Gloria Schmidt, the attorney who represented the brothers, said in a statement, “The Osundairo brothers were fully prepared to testify in any criminal proceeding in the Jussie Smollett case. Following today’s decision ending the criminal case against Smollett, Gloria Schmidt no longer represents the Osundairo brothers as trial witnesses in the criminal matter. The Gloria Law Group remains in partnership with Strategia Consulting as they continue their work with other clients who have sought the skills and professional services of the Gloria Law Group.”

Though police stand by the investigation, Smollett’s defense team said their client was “vilified” and accused prosecutors and police of attempting “to prove a case in the court of public opinion.”

“Today, all criminal charges against Jussie Smollett were dropped and his record has been wiped clean of the filing of this tragic complaint against him,” Smollett’s attorneys, Tina Glandian and Patricia Brown Holmes, said in a statement. “Jussie was attacked by two people he was unable to identify on January 29th. He was a victim who was vilified and made to appear as a perpetrator as a result of false and inappropriate remarks made to the public causing an inappropriate rush to judgement.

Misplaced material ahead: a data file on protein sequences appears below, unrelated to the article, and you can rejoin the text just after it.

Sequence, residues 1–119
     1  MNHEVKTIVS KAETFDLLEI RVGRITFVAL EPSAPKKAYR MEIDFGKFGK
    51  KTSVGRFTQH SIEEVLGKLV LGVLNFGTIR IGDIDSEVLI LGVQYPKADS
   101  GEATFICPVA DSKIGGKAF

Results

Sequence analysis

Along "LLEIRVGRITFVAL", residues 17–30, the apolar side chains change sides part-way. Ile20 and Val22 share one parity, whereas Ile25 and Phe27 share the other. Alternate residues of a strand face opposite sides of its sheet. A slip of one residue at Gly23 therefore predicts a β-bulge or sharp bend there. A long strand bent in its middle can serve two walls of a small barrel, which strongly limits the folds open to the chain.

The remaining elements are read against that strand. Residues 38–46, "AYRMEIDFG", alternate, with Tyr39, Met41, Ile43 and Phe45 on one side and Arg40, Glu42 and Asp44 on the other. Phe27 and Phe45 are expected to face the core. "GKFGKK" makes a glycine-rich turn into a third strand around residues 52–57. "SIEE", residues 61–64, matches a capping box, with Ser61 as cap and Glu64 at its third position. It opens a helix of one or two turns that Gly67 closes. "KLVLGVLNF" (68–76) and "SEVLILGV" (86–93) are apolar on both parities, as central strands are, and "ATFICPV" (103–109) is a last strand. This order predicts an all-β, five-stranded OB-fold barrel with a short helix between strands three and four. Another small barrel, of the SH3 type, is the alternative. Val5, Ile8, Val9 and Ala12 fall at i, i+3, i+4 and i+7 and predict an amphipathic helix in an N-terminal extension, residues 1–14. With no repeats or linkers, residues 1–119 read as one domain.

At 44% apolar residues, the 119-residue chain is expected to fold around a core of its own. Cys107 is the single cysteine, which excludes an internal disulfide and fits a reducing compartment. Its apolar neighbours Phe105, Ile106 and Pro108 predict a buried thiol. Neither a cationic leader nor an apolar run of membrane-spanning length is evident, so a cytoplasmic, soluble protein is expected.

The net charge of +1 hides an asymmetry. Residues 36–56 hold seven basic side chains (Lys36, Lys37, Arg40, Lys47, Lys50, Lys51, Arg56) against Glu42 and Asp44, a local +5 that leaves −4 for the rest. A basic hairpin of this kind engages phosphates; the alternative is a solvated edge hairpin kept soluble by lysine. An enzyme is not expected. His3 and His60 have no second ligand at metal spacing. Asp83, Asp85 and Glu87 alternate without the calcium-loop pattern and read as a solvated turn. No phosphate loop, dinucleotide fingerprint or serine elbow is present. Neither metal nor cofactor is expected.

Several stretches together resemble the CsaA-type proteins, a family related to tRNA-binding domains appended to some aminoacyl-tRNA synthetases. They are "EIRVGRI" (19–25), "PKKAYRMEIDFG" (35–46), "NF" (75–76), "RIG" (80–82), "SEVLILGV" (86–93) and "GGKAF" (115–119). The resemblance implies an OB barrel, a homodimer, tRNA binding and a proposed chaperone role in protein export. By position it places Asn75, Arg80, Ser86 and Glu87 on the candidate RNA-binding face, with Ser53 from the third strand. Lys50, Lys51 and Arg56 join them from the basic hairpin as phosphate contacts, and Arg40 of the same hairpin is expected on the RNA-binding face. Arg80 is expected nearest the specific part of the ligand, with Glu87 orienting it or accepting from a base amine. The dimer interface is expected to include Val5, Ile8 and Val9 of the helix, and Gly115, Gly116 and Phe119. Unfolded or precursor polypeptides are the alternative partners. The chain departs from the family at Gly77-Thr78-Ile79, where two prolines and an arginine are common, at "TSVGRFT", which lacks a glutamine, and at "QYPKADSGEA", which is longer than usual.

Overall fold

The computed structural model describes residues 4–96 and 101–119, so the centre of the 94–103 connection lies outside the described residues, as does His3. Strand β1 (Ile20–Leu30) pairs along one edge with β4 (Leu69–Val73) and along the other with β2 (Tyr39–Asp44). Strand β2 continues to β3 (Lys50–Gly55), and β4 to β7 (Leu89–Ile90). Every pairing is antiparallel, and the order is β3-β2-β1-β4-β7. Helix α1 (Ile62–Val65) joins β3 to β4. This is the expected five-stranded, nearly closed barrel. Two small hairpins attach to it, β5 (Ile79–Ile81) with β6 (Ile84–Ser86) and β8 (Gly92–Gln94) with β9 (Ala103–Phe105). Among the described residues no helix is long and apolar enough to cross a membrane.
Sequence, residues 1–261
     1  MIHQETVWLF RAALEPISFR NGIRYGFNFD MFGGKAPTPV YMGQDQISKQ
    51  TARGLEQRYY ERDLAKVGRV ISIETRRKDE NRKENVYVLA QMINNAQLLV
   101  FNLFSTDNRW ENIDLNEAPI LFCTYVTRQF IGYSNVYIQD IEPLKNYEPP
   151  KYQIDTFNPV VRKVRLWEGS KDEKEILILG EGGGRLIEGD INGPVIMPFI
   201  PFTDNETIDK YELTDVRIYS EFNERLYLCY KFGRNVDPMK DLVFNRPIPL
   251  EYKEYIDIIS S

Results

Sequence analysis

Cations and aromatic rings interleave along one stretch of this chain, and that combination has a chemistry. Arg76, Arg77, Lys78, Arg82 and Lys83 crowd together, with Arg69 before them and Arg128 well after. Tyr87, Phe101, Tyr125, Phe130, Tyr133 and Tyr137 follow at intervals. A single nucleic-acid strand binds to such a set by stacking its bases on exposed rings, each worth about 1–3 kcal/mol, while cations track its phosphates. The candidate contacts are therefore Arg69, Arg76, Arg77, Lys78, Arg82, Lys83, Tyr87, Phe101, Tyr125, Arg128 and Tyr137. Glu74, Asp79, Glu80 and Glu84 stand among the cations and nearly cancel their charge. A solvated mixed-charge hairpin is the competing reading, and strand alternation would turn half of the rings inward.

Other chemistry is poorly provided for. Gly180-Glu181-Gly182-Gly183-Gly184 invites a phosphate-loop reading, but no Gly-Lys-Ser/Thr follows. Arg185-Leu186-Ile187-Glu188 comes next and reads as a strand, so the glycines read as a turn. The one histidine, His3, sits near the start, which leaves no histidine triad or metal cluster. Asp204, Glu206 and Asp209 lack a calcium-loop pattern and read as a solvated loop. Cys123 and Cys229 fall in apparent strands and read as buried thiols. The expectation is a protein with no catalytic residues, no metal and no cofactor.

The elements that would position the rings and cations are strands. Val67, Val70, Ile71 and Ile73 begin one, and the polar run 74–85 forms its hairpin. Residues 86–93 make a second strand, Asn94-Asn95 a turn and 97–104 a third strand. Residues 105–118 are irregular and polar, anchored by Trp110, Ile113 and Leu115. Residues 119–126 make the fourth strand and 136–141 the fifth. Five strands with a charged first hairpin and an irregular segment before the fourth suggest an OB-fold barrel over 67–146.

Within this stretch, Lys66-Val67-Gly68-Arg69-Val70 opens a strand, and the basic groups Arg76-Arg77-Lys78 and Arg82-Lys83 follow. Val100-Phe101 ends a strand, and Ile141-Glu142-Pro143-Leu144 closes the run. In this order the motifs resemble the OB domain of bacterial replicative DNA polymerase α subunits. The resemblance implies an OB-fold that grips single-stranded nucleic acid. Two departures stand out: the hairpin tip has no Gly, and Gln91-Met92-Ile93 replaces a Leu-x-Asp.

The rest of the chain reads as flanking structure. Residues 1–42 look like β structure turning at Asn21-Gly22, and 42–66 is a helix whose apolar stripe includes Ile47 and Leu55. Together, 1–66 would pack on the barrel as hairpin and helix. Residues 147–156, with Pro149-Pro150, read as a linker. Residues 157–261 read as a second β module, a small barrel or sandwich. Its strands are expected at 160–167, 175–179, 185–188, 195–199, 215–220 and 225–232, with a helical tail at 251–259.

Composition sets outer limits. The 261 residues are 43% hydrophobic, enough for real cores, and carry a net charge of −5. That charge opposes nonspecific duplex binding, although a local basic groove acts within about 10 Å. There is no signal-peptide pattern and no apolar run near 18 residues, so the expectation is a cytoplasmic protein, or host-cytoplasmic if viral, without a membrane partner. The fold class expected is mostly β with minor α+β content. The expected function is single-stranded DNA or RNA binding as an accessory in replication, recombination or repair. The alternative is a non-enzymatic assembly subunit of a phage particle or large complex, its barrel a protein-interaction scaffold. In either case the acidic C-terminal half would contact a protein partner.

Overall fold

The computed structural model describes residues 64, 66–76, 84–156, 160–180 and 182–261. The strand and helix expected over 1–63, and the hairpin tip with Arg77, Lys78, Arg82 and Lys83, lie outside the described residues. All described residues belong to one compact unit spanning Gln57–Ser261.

“Jussie and many others were hurt by these unfair and unwarranted actions. This entire situation is a reminder that there should never be an attempt to prove a case in the court of public opinion. That is wrong. It is a reminder that a victim, in this case Jussie, deserves dignity and respect. Dismissal of charges against the victim in this case was the only just result.

“Jussie is relieved to have this situation behind him and is very much looking forward to getting back to focusing on his family, friends and career.”

ABC 7 Chicago